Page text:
Thursday June 2, 2016
Boating club sails past the competition By Kelly Hennessy COOK STRAIT NEWS INTERN
After turning in an exceptional season on and off the water, the Worser Bay Boating Club has been rewarded for its success. The Seatoun club was named as a finalist for Pak ‘n Save Kilbirnie Club of the Year at the Wellington Sportsperson of the Year Awards 2016 last week. The club’s commodore, Dean Stanley, is excited that the club has been recognised for their excellence. “We’ve had an exceptional year in a couple different wayswe had six sailors crowned as national champions during the achievement period, and we had a lot of progress with our new clubrooms,” Dean said. In addition to the six national champions, the club boasted three more podium finishes over the twelve month competition period, and had twelve members selected to New Zealand teams. The club serves all ages, with 250 members from seven-yearsold to 75. “We have really strong programs, great volunteers and participant numbers,” Dean said. They have been successful on
Members of the Worser Bay Boating Club sit seaside.
land as well, as the club works to rebuild their clubrooms. The 90-year-old club has spent sixty of those years in their current building, which they decided to update last year. In the past year they have raised approximately $730,000 before
Wellington to keep the Sevens for another three years By Emma Moody WHITIREIA JOURNALISM STUDENT
Ticket sales may be at an all-time low, but the Rugby Sevens will stay in Wellington for another three years. This decision comes after a decline in support for the tournament. Only around 15,000 tickets were sold for this year’s tournament, down from 18,000 in 2015 and 28,000 in 2014. Mayor Celia Wade-Brown said she was pleased to confirm a three-year contract with Rugby NZ. “The capital city is the best city to host this colourful international fixture and the Westpac Stadium is a good venue,” Ms Wade-Brown said. Ms Wa de -Brow n sa id changes were on the way and the Wellington City Council was working with Rugby NZ to make the event even better. “Next year - 2017 - will be an amazing year of rugby with the reinstated international Sevens and the British and Irish Lions all here in Wellington,” Celia said. Chair of the council’s economic growth committee, Jo Coughlan, said the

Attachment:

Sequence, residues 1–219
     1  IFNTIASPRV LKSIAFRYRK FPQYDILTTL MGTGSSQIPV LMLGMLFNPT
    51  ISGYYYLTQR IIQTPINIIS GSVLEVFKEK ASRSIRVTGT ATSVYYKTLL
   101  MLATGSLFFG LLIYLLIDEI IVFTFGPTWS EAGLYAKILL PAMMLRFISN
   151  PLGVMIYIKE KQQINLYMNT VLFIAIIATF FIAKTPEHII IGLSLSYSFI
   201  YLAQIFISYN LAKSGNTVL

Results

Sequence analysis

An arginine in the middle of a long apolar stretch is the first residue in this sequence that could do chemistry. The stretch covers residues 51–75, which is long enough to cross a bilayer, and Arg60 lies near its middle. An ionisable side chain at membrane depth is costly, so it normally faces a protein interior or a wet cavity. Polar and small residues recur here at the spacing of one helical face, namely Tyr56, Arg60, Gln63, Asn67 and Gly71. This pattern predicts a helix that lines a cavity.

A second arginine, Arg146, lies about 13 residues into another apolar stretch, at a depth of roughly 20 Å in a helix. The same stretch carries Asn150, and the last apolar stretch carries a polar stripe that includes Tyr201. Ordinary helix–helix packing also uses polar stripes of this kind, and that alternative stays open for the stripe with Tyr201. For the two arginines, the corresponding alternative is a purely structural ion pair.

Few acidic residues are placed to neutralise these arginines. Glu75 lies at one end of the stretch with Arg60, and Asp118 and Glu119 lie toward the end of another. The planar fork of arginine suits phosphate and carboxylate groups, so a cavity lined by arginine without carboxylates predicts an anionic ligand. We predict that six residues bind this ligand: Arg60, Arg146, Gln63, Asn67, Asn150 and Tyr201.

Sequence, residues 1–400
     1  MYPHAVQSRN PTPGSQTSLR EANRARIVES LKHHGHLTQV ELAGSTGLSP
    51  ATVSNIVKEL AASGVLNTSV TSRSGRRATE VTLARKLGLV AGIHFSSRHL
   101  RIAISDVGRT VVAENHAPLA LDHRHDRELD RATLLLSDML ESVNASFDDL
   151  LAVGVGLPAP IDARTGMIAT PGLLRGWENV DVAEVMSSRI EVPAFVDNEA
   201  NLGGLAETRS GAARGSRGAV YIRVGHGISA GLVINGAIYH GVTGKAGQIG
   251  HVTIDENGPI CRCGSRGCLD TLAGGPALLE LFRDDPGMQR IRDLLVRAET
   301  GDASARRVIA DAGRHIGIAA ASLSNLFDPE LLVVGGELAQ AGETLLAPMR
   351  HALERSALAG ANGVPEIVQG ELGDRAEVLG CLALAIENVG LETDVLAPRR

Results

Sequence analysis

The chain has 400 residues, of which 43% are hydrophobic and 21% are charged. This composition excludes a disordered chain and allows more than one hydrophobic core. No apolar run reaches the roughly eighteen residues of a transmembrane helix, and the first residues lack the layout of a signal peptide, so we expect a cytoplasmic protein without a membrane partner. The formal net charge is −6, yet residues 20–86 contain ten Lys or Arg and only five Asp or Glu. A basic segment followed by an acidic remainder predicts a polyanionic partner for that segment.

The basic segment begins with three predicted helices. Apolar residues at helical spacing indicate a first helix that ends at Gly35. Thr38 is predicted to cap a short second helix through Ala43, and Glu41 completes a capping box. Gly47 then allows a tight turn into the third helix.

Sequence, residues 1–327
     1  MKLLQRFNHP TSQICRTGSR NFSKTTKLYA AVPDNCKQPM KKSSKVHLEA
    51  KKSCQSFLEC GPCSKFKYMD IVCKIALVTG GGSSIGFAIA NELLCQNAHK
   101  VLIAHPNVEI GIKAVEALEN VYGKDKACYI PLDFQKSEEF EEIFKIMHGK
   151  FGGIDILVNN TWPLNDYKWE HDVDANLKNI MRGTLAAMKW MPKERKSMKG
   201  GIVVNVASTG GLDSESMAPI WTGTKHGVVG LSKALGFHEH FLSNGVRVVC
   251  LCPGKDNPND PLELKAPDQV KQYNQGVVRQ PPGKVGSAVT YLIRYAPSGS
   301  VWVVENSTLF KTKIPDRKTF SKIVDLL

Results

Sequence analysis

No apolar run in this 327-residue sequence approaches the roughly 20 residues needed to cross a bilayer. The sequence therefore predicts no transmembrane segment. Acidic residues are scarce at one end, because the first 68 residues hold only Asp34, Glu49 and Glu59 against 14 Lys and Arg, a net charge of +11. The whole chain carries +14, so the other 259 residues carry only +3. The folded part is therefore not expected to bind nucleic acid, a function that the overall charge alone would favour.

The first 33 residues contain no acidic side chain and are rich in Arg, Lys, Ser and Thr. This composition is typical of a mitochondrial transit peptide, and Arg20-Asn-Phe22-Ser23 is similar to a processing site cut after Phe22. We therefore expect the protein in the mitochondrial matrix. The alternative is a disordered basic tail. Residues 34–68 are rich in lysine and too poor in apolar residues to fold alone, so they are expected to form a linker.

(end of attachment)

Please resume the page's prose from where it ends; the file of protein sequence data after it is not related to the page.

decision showed Wellington had the infrastructure and enthusiasm needed to host a world-class event. “Behind the Sevens is an array of businesses, organisations and people that help make this event run smoothly and make it a weekend that visitors never forget. “This decision is a vote of confidence in our city’s infrastructure – like venues, transport, accommodation and our renowned restaurants, bars and nightlife,” she said. Wellington Regional Economic Development Agency chief executive Chris Whelan also welcomed the announcement. “Wellington is an iconic event on the World Sevens Series calendar, and we are very pleased that it will remain so for at least the next three years. We look forward to supporting the city and the NZRU in ensuring next year’s tournament is the beginning of an exciting new chapter for the Wellington Sevens,” he said. Are you pleased the capital will keep the Sevens? Send us an email – news@ wsn.co.nz
any grant funding has been made, through members funds, legacy donations, discounts on resources for the rebuild and surpluses from events such as their ‘Love Boat Ball’ at the Roxy Theatre. The club is proud of the progress it has made, Dean said.
“We’ve been able to raise a lot of money, more than we had at the time of the nomination, and we’ve worked with the community on the update, gained resource consent and landowner approval, and more like that.” They are hoping to begin con-
struction in May 2017. Dean said, in the meantime, the club will be celebrating the past year’s success at the award’s dinner. “About twenty of us, all the commodores, we’ll all be there to see if we make it the next step.”
Local man sails to the top By Kelly Hennessy COOK STRAIT NEWS INTERN
Lyall Bay local Josh Junior is readying himself for Rio 2016. Josh will be sailing for New Zealand in the men’s heavyweight dinghy Finn class in the upcoming Olympic games. This opportunity has been twenty-one-years in the making, Josh said. “I started sailing when I was about five, with my father, and then by myself at eight,” he recalled. The 26-year-old will be representing both his home country
and his home club, the Worser Bay Boating Club of Seatoun. After missing selection for the 2012 London Olympics, Josh switched classes, from the Laser to the Finn, and he has excelled. Josh is looking forward to representing New Zealand in Rio, and is honoured to simply make it to Brazil. “I’m feeling pretty stoked about making it, especially as it was a tough selection. Its an achievement to even qualify, to make it there.” Josh was selected after a bundle of top finishes, winning at the 2016 Princess Sofia Regatta in
March, and placing fourth at the 2016 Finn European Champs and the Sailing World Cup Regattas, in March and April respectively. He is coached by John Cutler, who earned New Zealand a bronze medal in the Finn Class at the 1988 Olympics in Seoul. Josh’s trip to Rio will be his first appearance at the Olympics. “I’m excited about the opportunity to race, to try to win, but I’m also looking forward to watching all the other events after I am done.” Regardless of his results, Josh has all of New Zealand rooting for him.
Cook Strait News 02-06-16